Oxford University Gazette

Encaenia 1998: Speeches by the Public Orator

Professor Sir JAMES MIRRLEES, FBA

Professor of Political Economy, University of Cambridge

Redit ad nos honorandus vir quem diu in nostris numerabamus, adhuc nostrum salutamus. nam viginti septem annos hic cathedram obtinebat, fisci et opum publicarum rationem nobis explicabat, disceptationes spinosissimas enodabat quibus continentur graves istae quaestiones quae ad vectigalia pertinent. et mehercle ni temporis angustiis interclusus essem civitates plurimas numerare possem quibus hic consilio subvenit saluberrimo. hoc autem aperte confitendum est: hic quem produco vectigalia et tributa, quae ceteris fere odio sunt, sibi expetivit elegit optavit; hic admiranda illa inventa excogitavit, quae ut sunt Anglico sermone haud ita facilia expositu, ita Latino et oratori et auditoribus in magnas angustias compulsis tenebras fere offunderent. ne videar igitur vobis, quaeso, omnino defecisse, si unam saltem bene propono quaestionem, explicationem quam hic, quo est acumine, repperit, prudentioribus linquo. primum ergo hoc sumamus: ii qui summam rerum administrant hoc in vectigalibus imponendis cordi habent, ut cives, alius alio plus minusve lucri laboribus suis consecuti, secundum vires suas quisque pensitent, quaestus autem quam maximus fiat. sed hic haeremus, nam quantum quisque laborando consequi et in commune conferre possit cuique quidem cognitum est, rei publicae fiscique gubernatoribus ignotum. quid igitur prohibebit ne cives pecuniae summam praetendant vera minorem, coactores ac vectigalia eludant? hic est qui calculum invenit abstrusiorem quo fretis licet rei publicae rectoribus sic vectigalia imponere ut universi quantum re vera possunt et laborent et se laborare fateantur: tum denique satisfieri rei publicae usui, tunc optime procedere tributorum stipendiorumque rationem.

Praesento computatorum principem, oeconomum summum, rei pecuniariae magistrum perfectissimum, Iacobum Mirrlees, Equitem Auratum, Academiae Britannicae Socium, Praemio Nobeliano nobilitatum, ut admittatur honoris causa ad gradum Doctoris in Litteris.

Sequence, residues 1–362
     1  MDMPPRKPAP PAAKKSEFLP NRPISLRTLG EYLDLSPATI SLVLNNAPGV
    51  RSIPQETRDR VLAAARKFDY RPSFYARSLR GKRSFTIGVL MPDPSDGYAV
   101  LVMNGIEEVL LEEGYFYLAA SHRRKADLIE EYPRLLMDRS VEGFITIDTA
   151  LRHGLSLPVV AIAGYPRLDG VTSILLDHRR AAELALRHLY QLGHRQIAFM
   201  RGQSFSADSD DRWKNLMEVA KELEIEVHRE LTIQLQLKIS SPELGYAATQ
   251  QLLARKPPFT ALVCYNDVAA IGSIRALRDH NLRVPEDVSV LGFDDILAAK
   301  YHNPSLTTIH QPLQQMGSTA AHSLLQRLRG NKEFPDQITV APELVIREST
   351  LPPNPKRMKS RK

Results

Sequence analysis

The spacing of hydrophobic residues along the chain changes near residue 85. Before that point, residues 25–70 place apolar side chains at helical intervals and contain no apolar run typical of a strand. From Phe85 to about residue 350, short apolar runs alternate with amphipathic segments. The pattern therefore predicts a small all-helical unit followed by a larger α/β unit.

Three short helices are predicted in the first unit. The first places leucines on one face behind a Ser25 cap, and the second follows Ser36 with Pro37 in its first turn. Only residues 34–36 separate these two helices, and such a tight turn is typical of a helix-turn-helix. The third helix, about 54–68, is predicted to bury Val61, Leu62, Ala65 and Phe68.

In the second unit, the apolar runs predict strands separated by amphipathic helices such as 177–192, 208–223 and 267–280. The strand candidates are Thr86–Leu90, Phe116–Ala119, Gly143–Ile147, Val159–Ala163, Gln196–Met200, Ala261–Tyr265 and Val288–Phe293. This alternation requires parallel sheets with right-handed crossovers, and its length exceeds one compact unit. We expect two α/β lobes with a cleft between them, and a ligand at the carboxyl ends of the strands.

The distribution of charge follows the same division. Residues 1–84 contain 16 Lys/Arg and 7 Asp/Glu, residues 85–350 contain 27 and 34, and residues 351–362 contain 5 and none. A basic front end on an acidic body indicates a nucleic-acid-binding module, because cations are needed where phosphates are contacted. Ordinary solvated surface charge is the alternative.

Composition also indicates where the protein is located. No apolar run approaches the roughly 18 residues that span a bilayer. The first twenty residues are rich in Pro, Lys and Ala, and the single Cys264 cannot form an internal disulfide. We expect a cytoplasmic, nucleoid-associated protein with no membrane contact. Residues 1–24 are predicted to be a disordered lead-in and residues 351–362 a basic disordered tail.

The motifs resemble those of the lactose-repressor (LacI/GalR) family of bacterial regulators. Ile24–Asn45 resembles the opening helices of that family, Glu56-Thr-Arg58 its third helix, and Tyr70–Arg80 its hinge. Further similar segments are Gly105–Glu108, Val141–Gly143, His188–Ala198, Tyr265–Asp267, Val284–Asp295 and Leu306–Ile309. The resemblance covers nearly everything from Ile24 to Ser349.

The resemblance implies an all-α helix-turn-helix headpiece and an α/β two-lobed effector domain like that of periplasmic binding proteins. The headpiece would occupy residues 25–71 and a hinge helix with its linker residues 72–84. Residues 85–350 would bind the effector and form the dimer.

Admission by the Chancellor

Vir de Cancellarii deliciis, et de hac Academia et de fisco, optime merite, cuius praeclari labores et huic nostrae rei publicae et aliis plurimis conduxerunt, ego auctoritate mea et totius Universitatis admitto te ad gradum Doctoris in Litteris honoris causa.

Paraphrase

We welcome back for an honorary degree a man who was for many years one of us, and whom we still greet as ours. For twenty-seven years Sir James Mirrlees occupied an Oxford chair, lecturing on public finances and all the thorny questions that are connected with taxation. But for the constraints of time I could list many foreign governments to whom he acted as adviser. It is useless to disguise the fact that his preferred area of expertise has been one which is not the most popular with many people: that of revenues and taxation. It was here that he made those important theoretical advances which are by no means easy to describe even in English, and which in Latin, I fear, would plunge Orator and audience alike into a morass of perplexity. I hope it will not be thought too evasive if I leave a detailed exposition to more qualified pens and limit myself to a general statement of one of the problems. Let us assume that in their taxation policy the aim of governments is to ensure that all citizens, whatever their income, should pay according to their means; and also that the total sum raised should be as great as possible. But there is a difficulty. Each citizen knows his own earning power, but the taxing authority does not. What is to prevent the citizens from returning smaller figures? It was Sir James who devised the subtle calculations which make it possible for intelligent governments to pursue a policy which will result in each tax-payer both maximising his earning power and being fully taxed on it. That is the optimal position in this field.

I present a prince among calculators, a supreme economist, a perfect master of financial policy, Sir James Mirrlees FBA, Nobel Prizeman, for admission to the honorary degree of Doctor of Letters.

Admission by the Chancellor

You are a man of wide and great services: to this University and to HM Treasury, two institutions dear to my double cancellarian heart, and to this nation as well as to many others. Acting on my own authority and that of the whole University, I admit you to the honorary degree of Doctor of Letters.

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